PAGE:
Welcome to Part 2 of our trek following the Old Ghan Railway from Oodnadatta to Alice Springs. Part 1 covered the section from Oodnadatta to Finke. Now to the rest of the trip.
Finke to Maryvale (Titjikala)
From Finke you will travel 121km along the Old Ghan line, sometimes on top of it. Generally firm and sandy with some gibbers and corrugations, this is a good outback track. It is not necessary to go into Maryvale but the track to Chambers Pillar begins here and it would be a pity to come this far without taking the 114km round trip detour. Fuel is also available at Maryvale if required.
Finke to Alice Springs is also the route of the annual Finke Desert Race. Held on the June long weekend, motorbikes, quads and buggies thrash their way along a narrow dirt track that can be seen adjacent to the main track.
The roughness of this track has to be seen to be believed and the ability of body and machine to withstand the punishment is amazing.
Relics at Finke. There is still plenty of old infrastructures to be seen along the Old Ghan Railway.
Old Ghan Sites
After leaving Finke the track is either on or adjacent to the Old Ghan line. After about 16km you pass through the Musgrave siding area (25° 26′ 38.3″ S 134° 32′ 32.9″ E). Unless you stop and look you would not realise this was an old siding. A wander around will reward with various rail paraphernalia.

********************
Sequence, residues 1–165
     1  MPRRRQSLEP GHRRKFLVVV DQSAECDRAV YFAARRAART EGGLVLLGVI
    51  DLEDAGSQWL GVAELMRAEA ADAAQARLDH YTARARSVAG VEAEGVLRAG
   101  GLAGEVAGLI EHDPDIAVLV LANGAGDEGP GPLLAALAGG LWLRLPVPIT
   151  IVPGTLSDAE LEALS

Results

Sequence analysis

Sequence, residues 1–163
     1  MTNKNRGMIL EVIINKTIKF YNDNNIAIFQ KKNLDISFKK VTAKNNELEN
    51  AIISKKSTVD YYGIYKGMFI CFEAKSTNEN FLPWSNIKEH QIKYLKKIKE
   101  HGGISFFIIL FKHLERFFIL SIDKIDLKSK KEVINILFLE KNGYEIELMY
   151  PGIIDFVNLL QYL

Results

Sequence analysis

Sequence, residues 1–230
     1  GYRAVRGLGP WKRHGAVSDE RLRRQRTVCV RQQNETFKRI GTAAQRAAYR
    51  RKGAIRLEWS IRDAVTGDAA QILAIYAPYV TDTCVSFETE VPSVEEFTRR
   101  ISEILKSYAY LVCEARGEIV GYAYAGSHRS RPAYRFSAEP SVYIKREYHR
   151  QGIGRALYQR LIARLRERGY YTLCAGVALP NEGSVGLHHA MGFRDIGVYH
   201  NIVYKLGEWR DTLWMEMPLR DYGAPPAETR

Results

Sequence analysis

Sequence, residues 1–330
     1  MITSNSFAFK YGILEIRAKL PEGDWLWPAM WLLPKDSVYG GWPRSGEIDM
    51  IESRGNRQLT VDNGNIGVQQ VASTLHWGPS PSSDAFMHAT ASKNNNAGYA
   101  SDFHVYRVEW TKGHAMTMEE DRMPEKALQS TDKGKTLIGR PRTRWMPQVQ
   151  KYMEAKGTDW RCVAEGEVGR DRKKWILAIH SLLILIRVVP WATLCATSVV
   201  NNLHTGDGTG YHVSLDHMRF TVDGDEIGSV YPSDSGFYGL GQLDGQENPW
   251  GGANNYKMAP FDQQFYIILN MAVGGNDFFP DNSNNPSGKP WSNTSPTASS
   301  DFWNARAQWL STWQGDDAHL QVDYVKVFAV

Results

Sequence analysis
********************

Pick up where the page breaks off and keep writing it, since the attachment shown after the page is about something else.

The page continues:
The turnoff into Rumbalara is 28km north of Finke (25° 19′ 39.2″ S 134° 29′ 35″ E). Take the sandy track west over the main sand dune for about 2km to reach the very significant siding remains. This was a major stock loading siding with a turning triangle quite obvious.
After travelling a further 21km the area of Mount Squire is passed through (25° 11′ 42.7″ S 134° 25′ 42.2″ E). The road is between the two rail line embankments but not easily recognised unless you stop and wander around.
At 64km north of Finke the ruins of Engoordina will come into sight. The stark white concrete walls stand out and an information board provides the history of this area.
Travel a further 23km and a large railway water tank comes into view, heralding your arrival at Bundooma. The tank is the only significant remains, but a wander around enables a vision of what once was.
The old water tank at Bunbooma.
After leaving Bundooma and travelling 28km a decision is required. Take the detour to Maryvale and Chambers Pillar or continue along the Ghan line towards Alice Springs. If continuing north the next significant site is Rodinga, another 14km beyond the Maryvale turnoff.
A Detour to Chambers Pillar
A narrow track heads west for 8km, arriving at Maryvale (Titjikala) through the not-so-picturesque town dump. Fuel is available at this Aboriginal community and there is an art gallery featuring the work of local artists. The 45kms from Maryvale to Chambers Pillar takes you through a mixture of sandy and gibber-strewn track, including a quite steep and stony section as you pass over the Charlotte Range.